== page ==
For coaster enthusiasts and fans of theme parks in general, there are a few parks across the U.S. that can be clearly and convincingly called elite. The best of the best. The cream of the crop.
Kings Dominion, located about 20 miles north of Richmond, Virginia, isn’t quite at that level — but it’s not far off either.
This Cedar Fair park has a lot going for it, with a varied and deep collection of coasters, a gigantic kids’ area, and even a dark ride. Its last decade didn’t see the same amount of investment as the darlings of the chain, Cedar Point and Kings Island, and that showed during my first visit to the park in May 2022. Still, it’s not hard to see the potential for something greater in the very near future here.
But that’s the future. You want to know why you should visit the park now. That’s an easy answer — yes, you should — but let’s go over the parks’ many strengths and its few weaknesses, including what I think it should add and remove from its lineup.
Like nearly all regional theme and amusement parks in the U.S., coasters are the big draw at Kings Dominion. The park features 13, a lineup that is impressively balanced between high, medium and low thrills.
The top two are indisputably Intimidator 305 and Twisted Timbers, though which one deserves top billing can certainly be debated. For me personally, the top coaster here is I305, a 305-foot-tall beast with a 85-degree drop and a top speed of 90 miles per hour that is infamous for causing “greyouts.”
Twisted Timbers is a wood-and-steel hybrid typical of manufacturer Rocky Mountain Construction. It may be nearly 200 feet smaller than I305, but the relentless airtime and barrel roll first drop arguably make it just as thrilling.
The middle tier of the Kings Dominion coaster collection shows off its balance. Wooden coaster fans have Racer 75, Grizzly, and Woodstock Express. Flight of Fear, Anaconda, and Dominator all focus on inversions.
The new addition of Tumbili — only the third brand-new coaster added since Cedar Fair took over the park in 2006 — will test your equilibrium with dizzying full rotations. The park even sports one of only four bobsled coasters still operating in the U.S. with Reptilian.
That’s not to say there aren’t stinkers among this group, as you’ll find in my rankings of all 24 coasters in Virginia. Anaconda and Grizzly are both unpleasantly rough and Backlot Stunt Coaster suffers from having so many of its special effects either deactivated or removed. Still, having an excellent one-two punch at the top of the coaster lineup and a varied supporting cast makes up for the few coasters that will be one-and-done for most riders.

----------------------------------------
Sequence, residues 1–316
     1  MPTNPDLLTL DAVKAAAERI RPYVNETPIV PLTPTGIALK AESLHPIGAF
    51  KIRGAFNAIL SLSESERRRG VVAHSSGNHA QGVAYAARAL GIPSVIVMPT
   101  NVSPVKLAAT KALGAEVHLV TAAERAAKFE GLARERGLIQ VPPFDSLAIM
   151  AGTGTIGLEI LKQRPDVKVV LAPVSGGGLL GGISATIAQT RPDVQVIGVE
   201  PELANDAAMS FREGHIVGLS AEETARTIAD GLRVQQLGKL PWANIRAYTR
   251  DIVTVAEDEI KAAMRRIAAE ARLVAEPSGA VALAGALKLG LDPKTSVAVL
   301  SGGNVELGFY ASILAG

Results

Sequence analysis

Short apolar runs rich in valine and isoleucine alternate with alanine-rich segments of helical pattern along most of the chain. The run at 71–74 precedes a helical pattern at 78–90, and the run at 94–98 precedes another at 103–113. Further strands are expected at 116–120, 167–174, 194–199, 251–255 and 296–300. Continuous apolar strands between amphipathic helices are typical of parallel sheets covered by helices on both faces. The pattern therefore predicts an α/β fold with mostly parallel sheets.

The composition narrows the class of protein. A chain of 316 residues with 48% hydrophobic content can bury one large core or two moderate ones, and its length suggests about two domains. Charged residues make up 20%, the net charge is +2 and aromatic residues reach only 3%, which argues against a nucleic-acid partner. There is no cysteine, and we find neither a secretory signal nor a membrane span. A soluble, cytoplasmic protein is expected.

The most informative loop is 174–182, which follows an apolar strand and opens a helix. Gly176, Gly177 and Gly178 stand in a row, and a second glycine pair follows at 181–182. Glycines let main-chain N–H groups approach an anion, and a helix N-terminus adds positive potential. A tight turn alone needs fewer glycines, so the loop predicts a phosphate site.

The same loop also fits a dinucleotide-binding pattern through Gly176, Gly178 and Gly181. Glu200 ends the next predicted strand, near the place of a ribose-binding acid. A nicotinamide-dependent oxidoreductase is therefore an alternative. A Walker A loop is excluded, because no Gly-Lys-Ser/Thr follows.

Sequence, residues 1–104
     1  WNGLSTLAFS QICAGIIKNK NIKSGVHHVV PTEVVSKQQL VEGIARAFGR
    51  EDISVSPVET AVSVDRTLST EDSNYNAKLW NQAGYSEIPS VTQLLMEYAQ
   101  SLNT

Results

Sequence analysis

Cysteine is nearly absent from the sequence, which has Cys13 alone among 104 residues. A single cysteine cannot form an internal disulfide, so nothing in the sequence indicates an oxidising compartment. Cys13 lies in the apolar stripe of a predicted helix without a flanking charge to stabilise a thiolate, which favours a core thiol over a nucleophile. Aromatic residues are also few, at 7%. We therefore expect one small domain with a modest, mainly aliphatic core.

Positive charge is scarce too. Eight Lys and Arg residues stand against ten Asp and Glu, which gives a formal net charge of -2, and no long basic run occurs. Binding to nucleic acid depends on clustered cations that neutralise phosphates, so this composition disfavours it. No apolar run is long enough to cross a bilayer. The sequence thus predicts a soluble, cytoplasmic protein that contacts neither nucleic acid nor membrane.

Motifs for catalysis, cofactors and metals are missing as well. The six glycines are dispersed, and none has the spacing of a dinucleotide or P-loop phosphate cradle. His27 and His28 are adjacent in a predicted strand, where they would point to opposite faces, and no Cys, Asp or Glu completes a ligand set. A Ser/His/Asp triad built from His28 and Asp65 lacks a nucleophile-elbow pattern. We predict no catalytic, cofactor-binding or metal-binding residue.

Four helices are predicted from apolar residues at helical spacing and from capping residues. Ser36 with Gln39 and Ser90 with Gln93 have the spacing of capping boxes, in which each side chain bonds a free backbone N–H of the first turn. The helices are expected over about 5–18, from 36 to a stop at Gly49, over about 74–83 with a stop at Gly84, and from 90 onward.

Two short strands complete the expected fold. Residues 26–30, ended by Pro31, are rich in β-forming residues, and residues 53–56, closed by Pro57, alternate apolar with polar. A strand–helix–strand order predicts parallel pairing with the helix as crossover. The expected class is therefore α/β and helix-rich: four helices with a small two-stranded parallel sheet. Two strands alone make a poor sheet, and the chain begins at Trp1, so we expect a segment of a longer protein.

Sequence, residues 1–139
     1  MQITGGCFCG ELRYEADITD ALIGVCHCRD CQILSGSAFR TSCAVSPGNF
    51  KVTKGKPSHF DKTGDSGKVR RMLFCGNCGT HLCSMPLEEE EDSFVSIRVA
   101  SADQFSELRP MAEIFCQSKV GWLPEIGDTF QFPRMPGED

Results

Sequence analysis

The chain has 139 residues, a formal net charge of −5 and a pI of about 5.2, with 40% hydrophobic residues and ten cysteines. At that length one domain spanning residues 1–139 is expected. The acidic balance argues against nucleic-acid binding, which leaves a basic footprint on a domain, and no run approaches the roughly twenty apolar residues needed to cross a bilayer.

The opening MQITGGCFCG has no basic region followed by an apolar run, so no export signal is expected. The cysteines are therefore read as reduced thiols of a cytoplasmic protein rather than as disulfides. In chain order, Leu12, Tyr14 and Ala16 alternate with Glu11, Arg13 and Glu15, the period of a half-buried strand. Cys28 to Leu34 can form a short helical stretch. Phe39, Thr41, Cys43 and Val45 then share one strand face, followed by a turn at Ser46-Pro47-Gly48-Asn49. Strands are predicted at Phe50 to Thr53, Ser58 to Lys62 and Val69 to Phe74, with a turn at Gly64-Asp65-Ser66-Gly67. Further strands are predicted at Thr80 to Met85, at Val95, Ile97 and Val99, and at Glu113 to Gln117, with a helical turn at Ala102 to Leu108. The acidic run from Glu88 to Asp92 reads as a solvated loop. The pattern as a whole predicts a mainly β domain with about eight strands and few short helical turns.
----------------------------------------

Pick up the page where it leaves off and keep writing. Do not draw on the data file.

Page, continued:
Be warned that some of the park’s coasters require you to put all your loose items in a locker before even entering the queue. Others have the typical storage bins at the platform for placing such items just before you board.
The inconsistency is irritating enough, but when you’re required to pay for these lockers — either $2 per ride or $10 for all-day use — it feels more like a money grab than a safety issue. I doubt the park will change their policy over my gripes, but when every guest is going to have something in their pockets and be forced to use these lockers, find a way to make them free like Universal Orlando did.
One last note about the park’s coaster lineup. Being located about a one-hour drive from Busch Gardens Williamsburg, Kings Dominion seems to make a conscious decision not to build coasters that are too similar to its regional rival, and vice versa.
That may somewhat limit the park’s options for future additions, but for us visitors, it’s nothing but positive. Not only will the parks be motivated to continue investing in new rides, but you can visit these parks on back-to-back days (like I did) and the coaster experiences won’t get repetitive.
Kings Dominion offers the largest Planet Snoopy kids area in the entire Cedar Fair chain. The 14-acre land sports 20 rides, most of them small flat rides, along with a few small stage shows featuring the Peanuts characters. These attractions aren’t going to impress coaster lovers, but it gives families with small children a lot to do on their visits.
Planet Snoopy also features the park’s only dark ride, the interactive shooter Boo Blasters on Boo Hill. Originally opened as Scooby-Doo’s Haunted Mansion in 2010, the ride has you using laser guns to shoot targets on painted flats. You won’t find any animatronics here.
It’s simplistic but still fun enough to warrant a ride, though tying this to a recognizable intellectual property — or original characters, like the newest interactive ride at Knott’s Berry Farm — would both attract more guests and sell more merchandise, in my opinion.
The two water rides (outside the water park, which I did not visit) are both located on the west side of the park in the Old Virginia section. Both Shenandoah Lumber Company (an Arrow log flume dating to the park’s opening) and White Water Canyon (1983 Intamin river raft ride) are enhanced by their woodsy setting, placing them slightly ahead of similar Cedar Fair water rides.